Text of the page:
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What is meant by generic rank of a matrix? Is it something different from the rank, and does the word generic has just its English meaning? I came across this term in the book "Algebraic statistics for biology" (ed Lior Pachter and Bernd Sturmfels) theorem 19.5.

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Is there any particular reason why you're not quoting the sentence in which you encountered this expression? And you don't by any chance mean Algebraic Statistics for Computational Biology? Theorem 19.5 can be viewed at Google Books. –  joriki Apr 15 '12 at 16:39
I didn't think the sentence would provide any additional information that would help anyone in answering the question ("The generic rank of the associated matrix is ..."). And yes, that's the book I am talking about. –  Sangeeta Apr 15 '12 at 19:09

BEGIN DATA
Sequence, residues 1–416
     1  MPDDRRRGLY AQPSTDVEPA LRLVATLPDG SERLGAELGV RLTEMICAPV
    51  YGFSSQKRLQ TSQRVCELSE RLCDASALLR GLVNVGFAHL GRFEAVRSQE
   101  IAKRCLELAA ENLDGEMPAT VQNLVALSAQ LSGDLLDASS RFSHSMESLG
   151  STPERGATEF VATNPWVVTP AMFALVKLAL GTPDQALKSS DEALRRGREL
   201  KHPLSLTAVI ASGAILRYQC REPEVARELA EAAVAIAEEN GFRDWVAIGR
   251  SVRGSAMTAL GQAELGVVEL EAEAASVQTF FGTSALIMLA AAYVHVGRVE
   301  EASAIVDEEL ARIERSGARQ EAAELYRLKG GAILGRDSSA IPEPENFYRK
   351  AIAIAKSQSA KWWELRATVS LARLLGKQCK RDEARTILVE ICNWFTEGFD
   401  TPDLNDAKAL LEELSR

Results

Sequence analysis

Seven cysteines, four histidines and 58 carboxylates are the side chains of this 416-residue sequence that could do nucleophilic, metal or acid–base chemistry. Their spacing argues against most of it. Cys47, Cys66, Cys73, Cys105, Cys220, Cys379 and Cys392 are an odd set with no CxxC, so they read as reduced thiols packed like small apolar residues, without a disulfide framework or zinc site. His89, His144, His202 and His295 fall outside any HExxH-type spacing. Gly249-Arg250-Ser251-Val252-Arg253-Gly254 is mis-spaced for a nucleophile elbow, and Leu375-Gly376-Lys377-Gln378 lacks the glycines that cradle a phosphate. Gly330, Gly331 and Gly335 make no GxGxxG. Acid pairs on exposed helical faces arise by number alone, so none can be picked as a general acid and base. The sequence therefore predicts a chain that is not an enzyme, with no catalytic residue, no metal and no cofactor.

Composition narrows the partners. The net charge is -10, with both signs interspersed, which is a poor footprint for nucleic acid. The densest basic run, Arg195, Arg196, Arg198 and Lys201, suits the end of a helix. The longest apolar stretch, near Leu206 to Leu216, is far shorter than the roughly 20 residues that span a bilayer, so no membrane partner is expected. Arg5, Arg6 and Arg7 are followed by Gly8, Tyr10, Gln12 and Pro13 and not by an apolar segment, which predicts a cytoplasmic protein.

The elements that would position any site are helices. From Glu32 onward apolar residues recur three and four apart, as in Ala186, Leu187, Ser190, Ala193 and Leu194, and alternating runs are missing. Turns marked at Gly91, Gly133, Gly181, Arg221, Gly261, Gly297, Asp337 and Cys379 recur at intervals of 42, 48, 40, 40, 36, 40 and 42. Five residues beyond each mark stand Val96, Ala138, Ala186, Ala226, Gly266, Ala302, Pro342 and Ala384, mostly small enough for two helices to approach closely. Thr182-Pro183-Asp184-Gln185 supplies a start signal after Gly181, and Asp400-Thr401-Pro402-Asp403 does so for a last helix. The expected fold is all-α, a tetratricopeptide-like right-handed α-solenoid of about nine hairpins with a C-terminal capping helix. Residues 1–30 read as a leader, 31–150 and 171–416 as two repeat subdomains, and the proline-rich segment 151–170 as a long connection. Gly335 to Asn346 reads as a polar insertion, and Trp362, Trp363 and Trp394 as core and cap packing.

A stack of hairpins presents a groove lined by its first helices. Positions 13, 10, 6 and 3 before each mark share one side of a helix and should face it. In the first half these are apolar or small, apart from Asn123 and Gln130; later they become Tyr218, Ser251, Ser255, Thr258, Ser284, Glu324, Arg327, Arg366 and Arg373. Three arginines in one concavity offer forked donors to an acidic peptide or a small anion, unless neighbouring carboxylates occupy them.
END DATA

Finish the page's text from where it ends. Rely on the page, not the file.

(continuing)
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up vote 2 down vote accepted

I don't have the book, but I'll make a guess: I suspect the matrix in question depends on one or more parameters, and the author means that for "generic" values of those parameters the matrix has a certain rank. In this context "generic" can mean "in a dense $G_\delta$ set". For example, the matrix $$\pmatrix{p & 0\cr 0 & q\cr}$$ has rank $2$ unless $p=0$ or $q=0$, so you might say it has generic rank $2$.

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